Adam Winkler, a professor of law at the University of California, Los Angeles, who follows nullification efforts nationally, said that nearly two dozen states had passed medical marijuana laws in defiance of federal restrictions. Richard Cauchi, who tracks such health legislation for the National Conference of State Legislatures, said: "Since January 2011, at least 23 states have considered bills seeking to nullify the health care law; as of mid-2013 only one state, North Dakota, had a signed law. Its language states, however, that the nullification provisions 'likely are not authorized by the United States Constitution.'"
What distinguishes the Missouri gun measure from the marijuana initiatives is its attempt to actually block federal enforcement by setting criminal penalties for federal agents, and prohibiting state officials from cooperating with federal efforts. That crosses the constitutional line, said Robert A. Levy, chairman of the libertarian Cato Institute's board of directors - a state cannot frustrate the federal government's attempts to enforce its laws.
Levy, whose organization has taken a leading role in fighting for gun rights, said, "With the exception of a few really radical self-proclaimed constitutional authorities, state nullification of federal law is not on the radar scope."
Still, other states have passed gun laws that challenge federal power; a recent wave began with a Firearms Freedom Act in Montana that exempts from federal regulations guns manufactured there that have not left the state.
Gary Marbut, a gun rights advocate in Montana who wrote the Firearms Freedom Act, said that such laws were "a vehicle to challenge commerce clause power," the constitutional provision that has historically granted broad authority to Washington to regulate activities that have an impact on interstate commerce. His measure has served as a model that is spreading to other states. Recently, the 9th U.S. Circuit Court of Appeals struck down Montana's law, calling it "pre-empted and invalid."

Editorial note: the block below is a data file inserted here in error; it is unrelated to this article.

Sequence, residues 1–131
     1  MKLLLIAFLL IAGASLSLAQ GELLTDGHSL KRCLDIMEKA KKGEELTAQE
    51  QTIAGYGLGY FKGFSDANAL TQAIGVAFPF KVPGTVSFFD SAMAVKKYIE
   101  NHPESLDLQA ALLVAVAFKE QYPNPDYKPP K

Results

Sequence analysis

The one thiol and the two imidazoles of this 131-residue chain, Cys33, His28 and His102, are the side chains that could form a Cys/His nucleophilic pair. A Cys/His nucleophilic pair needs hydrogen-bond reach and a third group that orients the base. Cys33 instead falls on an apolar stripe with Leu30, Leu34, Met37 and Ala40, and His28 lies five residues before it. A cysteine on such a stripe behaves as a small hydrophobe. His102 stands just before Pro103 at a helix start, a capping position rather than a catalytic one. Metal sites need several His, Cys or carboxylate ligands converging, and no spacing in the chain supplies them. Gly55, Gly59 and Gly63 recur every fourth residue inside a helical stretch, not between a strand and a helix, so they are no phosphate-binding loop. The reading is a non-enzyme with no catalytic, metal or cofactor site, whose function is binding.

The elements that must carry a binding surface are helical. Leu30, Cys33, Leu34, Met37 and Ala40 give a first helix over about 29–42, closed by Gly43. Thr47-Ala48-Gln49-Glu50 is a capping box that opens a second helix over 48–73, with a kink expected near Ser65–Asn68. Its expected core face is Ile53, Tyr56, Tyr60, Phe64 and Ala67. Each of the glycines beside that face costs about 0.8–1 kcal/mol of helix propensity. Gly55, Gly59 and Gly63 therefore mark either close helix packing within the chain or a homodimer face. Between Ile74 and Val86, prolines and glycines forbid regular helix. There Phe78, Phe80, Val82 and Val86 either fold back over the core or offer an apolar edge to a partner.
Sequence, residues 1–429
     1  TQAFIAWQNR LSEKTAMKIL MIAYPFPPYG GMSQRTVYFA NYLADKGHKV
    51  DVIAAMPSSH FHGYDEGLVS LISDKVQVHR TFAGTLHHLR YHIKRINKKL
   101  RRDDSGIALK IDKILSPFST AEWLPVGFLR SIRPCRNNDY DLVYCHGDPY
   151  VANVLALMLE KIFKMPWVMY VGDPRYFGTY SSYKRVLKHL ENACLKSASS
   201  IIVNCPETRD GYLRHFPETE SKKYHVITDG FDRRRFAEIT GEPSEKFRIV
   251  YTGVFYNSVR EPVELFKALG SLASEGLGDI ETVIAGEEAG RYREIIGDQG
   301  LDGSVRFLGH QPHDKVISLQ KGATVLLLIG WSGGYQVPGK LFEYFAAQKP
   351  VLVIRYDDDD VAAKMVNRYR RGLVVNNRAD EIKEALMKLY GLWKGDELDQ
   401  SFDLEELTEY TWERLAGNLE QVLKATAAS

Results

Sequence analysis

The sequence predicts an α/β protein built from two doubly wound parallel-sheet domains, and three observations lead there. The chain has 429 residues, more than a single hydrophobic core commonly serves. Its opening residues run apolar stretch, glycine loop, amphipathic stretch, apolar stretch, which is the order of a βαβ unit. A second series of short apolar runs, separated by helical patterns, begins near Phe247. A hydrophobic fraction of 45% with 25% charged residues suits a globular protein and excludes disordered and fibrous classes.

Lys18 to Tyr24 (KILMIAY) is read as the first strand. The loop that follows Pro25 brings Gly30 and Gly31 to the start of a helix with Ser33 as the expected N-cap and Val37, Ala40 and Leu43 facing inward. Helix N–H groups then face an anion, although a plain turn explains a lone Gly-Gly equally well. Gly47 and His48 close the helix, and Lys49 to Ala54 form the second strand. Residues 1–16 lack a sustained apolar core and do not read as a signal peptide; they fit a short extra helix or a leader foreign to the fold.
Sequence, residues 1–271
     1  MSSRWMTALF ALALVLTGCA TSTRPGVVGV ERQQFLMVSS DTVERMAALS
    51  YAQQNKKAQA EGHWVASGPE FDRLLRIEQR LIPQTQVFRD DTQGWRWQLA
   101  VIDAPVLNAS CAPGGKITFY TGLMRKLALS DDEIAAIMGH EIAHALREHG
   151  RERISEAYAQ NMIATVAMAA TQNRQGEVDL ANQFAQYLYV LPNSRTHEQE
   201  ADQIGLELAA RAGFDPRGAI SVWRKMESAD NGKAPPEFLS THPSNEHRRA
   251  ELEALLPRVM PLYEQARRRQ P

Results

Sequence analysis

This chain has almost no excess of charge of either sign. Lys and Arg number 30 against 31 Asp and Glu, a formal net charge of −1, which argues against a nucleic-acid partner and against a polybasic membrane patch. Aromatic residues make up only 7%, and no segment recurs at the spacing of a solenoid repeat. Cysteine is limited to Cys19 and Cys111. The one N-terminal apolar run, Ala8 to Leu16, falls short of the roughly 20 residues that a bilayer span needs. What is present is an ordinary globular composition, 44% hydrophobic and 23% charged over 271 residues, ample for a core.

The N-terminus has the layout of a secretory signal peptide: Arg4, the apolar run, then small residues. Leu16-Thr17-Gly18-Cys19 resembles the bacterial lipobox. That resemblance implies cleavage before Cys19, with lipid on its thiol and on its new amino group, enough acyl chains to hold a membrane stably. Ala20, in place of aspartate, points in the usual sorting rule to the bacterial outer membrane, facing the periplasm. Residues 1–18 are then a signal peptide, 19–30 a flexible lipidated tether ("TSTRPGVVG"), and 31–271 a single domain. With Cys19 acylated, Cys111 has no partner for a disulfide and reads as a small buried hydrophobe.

A law passed this year in neighboring Kansas has also been compared to the Missouri law. But Kris W. Kobach, the Kansas secretary of state, disagreed, saying it had been drafted "very carefully to ensure that there would be no situation where a state official would be trying to arrest a federal official."
In Missouri, state Rep. Jacob Hummel, D-St. Louis, the minority floor leader, said he was working to get Democrats who voted for the bill to vote against overriding the veto. "I think some cooler heads will prevail in the end," he said, "but we will see."
Taking up legislative time to vote for unconstitutional bills that are destined to end up failing in the courts is "a waste of taxpayers' money," Hummel said, adding that more and more, the legislature passes largely symbolic resolutions directed at Congress.
"We're elected to serve the citizens of the state of Missouri, at the state level," he said. "We were not elected to tell the federal government what to do — that's why we have congressional elections."
The lone Republican opponent of the bill in the House, state Rep. Jay Barnes, said, "Our Constitution is not some cheap Chinese buffet where we get to pick the parts we like and ignore the rest." He added, "Two centuries of constitutional jurisprudence shows that this bill is plainly unconstitutional, and I'm not going to violate my oath of office."
Funderburk, the bill's author, clearly disagrees. And, he said, Missouri is only the beginning. "I've got five different states that want a copy" of the bill, he said.